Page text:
a bottle of creatine next to a spoon

Photo by Aleksander Saks from Unsplash

Athletes swear by creatine for improving exercise performance. Chances are, it’s inside the bottles that you see them shaking at the gym. So, is it the really the missing piece for your fitness routine?

Creatine is a substance that your liver makes on its own before it gets stored in the muscles. The compound helps to make ATP, our body’s energy source. Tons of mechanisms are involved in the production of ATP, but creatine specifically aids the production during high-intensity workouts.

Why use creatine?

There are many high-creatine foods, like red meat, chicken, and salmon. However, many serious athletes will choose to supplement it in its isolated form in order to improve their workout performance, gain muscle, and strengthen their bodies overall. So, should the average person who just wants to stay fit also use it?

Honestly, unless you are a power athlete or vegan, creatine is unlikely to add much to your overall health. Vegans have been shown to have less creatine stores in their bodies. For most people, about half of the body’s creatine stores come from food, with the remainder produced from amino acids in the liver and kidneys.

For most people, feeling and noticing the benefit can take place in two weeks or maybe even less. For best absorption, it’s advised to take the supplement with a meal that is primarily carb or protein-based.

three containers of protein powder
Photo by Aleksander Saks from Unsplash

There are different forms of creatine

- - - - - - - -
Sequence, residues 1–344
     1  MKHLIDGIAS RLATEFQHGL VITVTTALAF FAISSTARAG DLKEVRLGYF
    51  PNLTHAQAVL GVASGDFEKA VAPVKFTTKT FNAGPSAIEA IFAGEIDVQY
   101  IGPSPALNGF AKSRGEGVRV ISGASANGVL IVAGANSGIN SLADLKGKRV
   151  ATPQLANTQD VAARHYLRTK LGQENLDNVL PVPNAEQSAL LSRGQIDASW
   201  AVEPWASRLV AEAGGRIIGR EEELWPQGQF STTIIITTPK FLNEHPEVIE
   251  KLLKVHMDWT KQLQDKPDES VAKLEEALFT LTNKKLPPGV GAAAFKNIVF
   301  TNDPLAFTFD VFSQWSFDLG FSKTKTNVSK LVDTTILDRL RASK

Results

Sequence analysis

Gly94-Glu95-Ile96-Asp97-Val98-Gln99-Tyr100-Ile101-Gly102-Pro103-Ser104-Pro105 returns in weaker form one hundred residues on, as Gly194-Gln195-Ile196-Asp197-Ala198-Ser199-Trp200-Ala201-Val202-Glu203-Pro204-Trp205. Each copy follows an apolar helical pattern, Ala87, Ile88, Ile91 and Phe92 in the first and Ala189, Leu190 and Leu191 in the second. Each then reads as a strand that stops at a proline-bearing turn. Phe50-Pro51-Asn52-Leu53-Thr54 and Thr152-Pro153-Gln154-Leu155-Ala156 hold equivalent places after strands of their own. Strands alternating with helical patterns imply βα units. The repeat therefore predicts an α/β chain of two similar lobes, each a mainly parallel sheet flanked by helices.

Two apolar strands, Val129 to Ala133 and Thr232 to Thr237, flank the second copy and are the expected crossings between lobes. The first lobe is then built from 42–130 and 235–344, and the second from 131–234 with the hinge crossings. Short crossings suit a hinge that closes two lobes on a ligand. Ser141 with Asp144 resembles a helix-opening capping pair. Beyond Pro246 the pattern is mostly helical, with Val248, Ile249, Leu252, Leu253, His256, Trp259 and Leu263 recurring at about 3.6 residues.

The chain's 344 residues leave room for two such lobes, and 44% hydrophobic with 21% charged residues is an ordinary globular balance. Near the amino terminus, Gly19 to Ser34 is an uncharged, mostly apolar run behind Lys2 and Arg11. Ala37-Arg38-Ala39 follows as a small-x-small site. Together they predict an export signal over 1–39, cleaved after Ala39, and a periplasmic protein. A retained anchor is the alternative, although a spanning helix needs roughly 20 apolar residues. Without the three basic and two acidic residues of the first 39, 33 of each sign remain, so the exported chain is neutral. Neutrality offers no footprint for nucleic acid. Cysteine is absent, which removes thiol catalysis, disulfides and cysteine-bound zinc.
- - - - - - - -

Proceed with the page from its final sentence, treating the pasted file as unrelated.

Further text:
Not all creatine is created equal. Here’s the breakdown:

Creatine monohydrate

This is the most well-studied and widely used form. This is considered the best one to use.

Creatine Ethyl Ester

Some evidence suggests that the absorption of this form is greater than monohydrate, but others have shown the complete opposite. This is why it hasn’t overtaken monohydrate for the top spot.

Creatine Hydrochloride

Given the hydrochloride component, this form is very soluble in water. However, there still isn’t enough research to show that it is absorbed as effectively as monohydrate.

Buffered creatine

Some manufacturers have tried to make creatine more stable by adding an alkaline powder to create a buffer. This could possibly mean that the creatine is more potent in this form. There aren’t enough studies on this form to draw solid conclusions, however.

Liquid creatine

Most creatine you find will be in powder, but there are liquid varieties. This can be a convenient way to go, but studies have shown that these products can break down quicker and not be that effective.

Creatine magnesium chelate

Magnesium is attached to creatine in this form, and some studies suggest that this form is as effective as monohydrate in improving workout performance.

What are the main benefits of using creatine?

By now, we’ve established that creatine can help gain muscle. Here’s how it does that specifically:

  • Creatine enhances cell signaling to support muscle repair.
  • It helps hydrate your cells and draws water into your muscles.
  • It also lowers myostatin levels. Myostatin is a negative regulator of muscle growth, meaning that as levels decrease, muscle growth potential increases.

Is creatine safe?

You might have heard that creatine can lead to dehydration and cramping. However, the supplement is one of the most well-studied out there, with over 1,000 being conducted. Findings show that for most people, creatine is a safe supplement and does not harm the liver or kidneys. It’s still important to check with your medical provider to make sure there aren’t any contraindications for your unique situation.

Bottom Line

Creatine is supportive of the muscles and exercise performance. It likely isn’t necessary if you eat a variety of high-protein foods already rich in it. However, the supplement is affordable and overall not risky to take, so it couldn’t hurt to try it if you are interested in it. Again, the gold standard form is creatine monohydrate.

About Shyla Cadogan, RD

Shyla Cadogan is a DMV-Based acute care Registered Dietitian. She holds specialized interests in integrative nutrition and communicating nutrition concepts in a nuanced, approachable way.

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